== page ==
The Royal Gunpowder Mills, Waltham Abbey, an Anchor Point of the European Route of Industrial Heritage, (ERIH), set in 175 acres of parkland and containing 21 buildings of major historical importance, mixes history, science, and attractive surroundings. It was one of three Royal Gunpowder Mills in the United Kingdom of Great Britain and Ireland, the other mills were at Ballincollig and Faversham, but is the only site to have survived virtually intact. The story of gunpowder production at Waltham Abbey begins with a fulling mill for cloth production; originally set up by the monks of the Abbey on the Millhead Stream, an engineered water course tapping the waters of the River Lea. Mills were adaptable and in the early 17th century it was converted to an 'Oyle Mill', i.e. for producing vegetable oils. In the Second Dutch War gunpowder supply shortages were encountered and the oil mill was converted to gunpowder production, possibly in response to this. In 1665 it was acquired by Ralph Hudson using saltpetre made in Bedfordshire and Hertfordshire.
The Hudson family sold out to William Walton at the end of the 17th century, starting a family connection lasting almost a hundred years. The enterprise was successful under the Walton's tenure and the Mills expanded up the Millhead Stream as additional production facilities were added; the material progressing from one building to another as it passed through the various processes. The Waltham Abbey Mills were one of the first examples in the 18th century of an industrialised factory system, not often recognised. In 1735 they were described by Thomas Fuller, a local historian, as 'the largest and compleatest works in Great Britain.' In the 1780s there was fresh concern over security, quality and economy of supply. The deputy comptroller of the Royal Laboratory at Woolwich, Major, later Lieutenant General, Sir William Congreve advocated that the Waltham Abbey Mills should be purchased by the Crown to ensure secure supplies and to establish what would now be called a centre of excellence for development of manufacturing processes and to establish quality and cost standards by which private contractors could be judged. In October 1787 the Crown purchased the mills from John Walton for £10,000, starting a 204-year ownership. Congreve was a man of immense drive and vision, a pioneer of careful management, quality control and the application of the scientific method. Under his regime manufacture moved from what had been a black art to, in the context of its day, an advanced technology. The distinguished engineer John Rennie coined the phrase ‘The Old Establishment’ in his 1806 report on the Royal Gun Powder Factory. The term refers to the gunpowder mills when they were still privately owned, before they were acquired by The Crown in 1787.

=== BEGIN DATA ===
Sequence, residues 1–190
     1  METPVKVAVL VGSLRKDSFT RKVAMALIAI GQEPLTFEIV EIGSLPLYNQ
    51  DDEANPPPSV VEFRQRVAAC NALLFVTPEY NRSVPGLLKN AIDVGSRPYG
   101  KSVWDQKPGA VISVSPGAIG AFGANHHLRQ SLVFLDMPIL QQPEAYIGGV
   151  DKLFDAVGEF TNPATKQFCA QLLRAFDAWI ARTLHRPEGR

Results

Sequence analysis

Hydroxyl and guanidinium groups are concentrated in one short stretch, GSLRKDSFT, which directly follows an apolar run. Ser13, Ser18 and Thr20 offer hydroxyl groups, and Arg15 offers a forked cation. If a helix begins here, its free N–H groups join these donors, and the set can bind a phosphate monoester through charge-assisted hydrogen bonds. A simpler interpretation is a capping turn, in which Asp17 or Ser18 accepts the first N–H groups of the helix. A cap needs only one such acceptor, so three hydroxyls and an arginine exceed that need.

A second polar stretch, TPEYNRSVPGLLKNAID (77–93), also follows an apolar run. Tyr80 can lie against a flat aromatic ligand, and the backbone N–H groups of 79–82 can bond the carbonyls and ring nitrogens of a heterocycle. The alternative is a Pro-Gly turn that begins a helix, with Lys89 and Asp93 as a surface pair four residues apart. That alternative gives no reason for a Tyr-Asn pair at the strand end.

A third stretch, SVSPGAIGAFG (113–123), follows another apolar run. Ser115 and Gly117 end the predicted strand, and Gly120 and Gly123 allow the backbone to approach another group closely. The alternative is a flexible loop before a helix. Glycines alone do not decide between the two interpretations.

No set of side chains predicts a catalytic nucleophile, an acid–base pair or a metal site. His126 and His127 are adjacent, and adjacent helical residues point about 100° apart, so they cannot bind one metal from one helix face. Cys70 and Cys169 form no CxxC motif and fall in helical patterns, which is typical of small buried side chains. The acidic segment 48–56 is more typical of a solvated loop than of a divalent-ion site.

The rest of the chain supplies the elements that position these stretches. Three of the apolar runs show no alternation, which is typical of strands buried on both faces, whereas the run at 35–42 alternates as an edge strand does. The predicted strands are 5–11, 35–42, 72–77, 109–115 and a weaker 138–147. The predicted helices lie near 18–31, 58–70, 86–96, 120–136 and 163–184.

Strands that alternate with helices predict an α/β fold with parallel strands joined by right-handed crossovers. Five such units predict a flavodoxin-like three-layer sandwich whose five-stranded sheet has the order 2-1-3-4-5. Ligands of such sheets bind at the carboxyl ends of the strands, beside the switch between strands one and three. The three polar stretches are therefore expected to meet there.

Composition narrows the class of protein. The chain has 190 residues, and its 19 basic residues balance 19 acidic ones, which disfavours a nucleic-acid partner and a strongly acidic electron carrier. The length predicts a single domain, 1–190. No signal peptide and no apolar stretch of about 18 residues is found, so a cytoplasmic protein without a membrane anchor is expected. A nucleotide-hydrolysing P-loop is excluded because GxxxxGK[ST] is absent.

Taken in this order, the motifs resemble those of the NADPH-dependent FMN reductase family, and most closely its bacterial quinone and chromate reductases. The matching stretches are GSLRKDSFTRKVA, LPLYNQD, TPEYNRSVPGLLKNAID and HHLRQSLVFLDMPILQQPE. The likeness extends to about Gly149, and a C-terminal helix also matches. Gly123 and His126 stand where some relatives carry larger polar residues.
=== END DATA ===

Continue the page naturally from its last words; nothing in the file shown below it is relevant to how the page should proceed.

In the 1780s there was fresh concern over security, quality and economy of supply. The deputy comptroller of the Royal Laboratory at Woolwich, Major, later Lieutenant General, Sir William Congreve advocated that the Waltham Abbey Mills should be purchased by the Crown to ensure secure supplies and to establish what would now be called a centre of excellence for development of manufacturing processes and to establish quality and cost standards by which private contractors could be judged. In October 1787 the Crown purchased the mills from John Walton for £10,000, starting a 204-year ownership. Congreve was a man of immense drive and vision, a pioneer of careful management, quality control and the application of the scientific method. Under his regime manufacture moved from what had been a black art to, in the context of its day, an advanced technology. The distinguished engineer John Rennie coined the phrase ‘The Old Establishment’ in his 1806 report on the Royal Gun Powder Factory. The term refers to the gunpowder mills when they were still privately owned, before they were acquired by The Crown in 1787.
Reflecting this, the mills were able to respond successfully in volume and quality to the massive increases in demand which arose over the period of the French Revolution and Napoleonic Wars from 1789, culminating in the victory at Waterloo in 1815. In the years following Waterloo the Mills entered a period of quiet with a steep decline in staff numbers and production levels. However, there was a steady advance in machinery and process development. The quiet was not to last. Conflict broke out in 1854 with the Crimean War with Russia, followed by the Indian Mutiny and a succession of colonial conflicts followed, culminating in the Boer War of 1899 - 1902. All of this provided the impulse for further development. Whilst the mills' function was to provide gunpowder for military use, either as a propellant for use in guns, or as a military explosive for demolition, etc., improvements effected there were a strong influence on private industry producing for civil activity - construction, mining, quarrying, tunneling, railway building etc. which created a massive demand for gunpowder in the 19th century.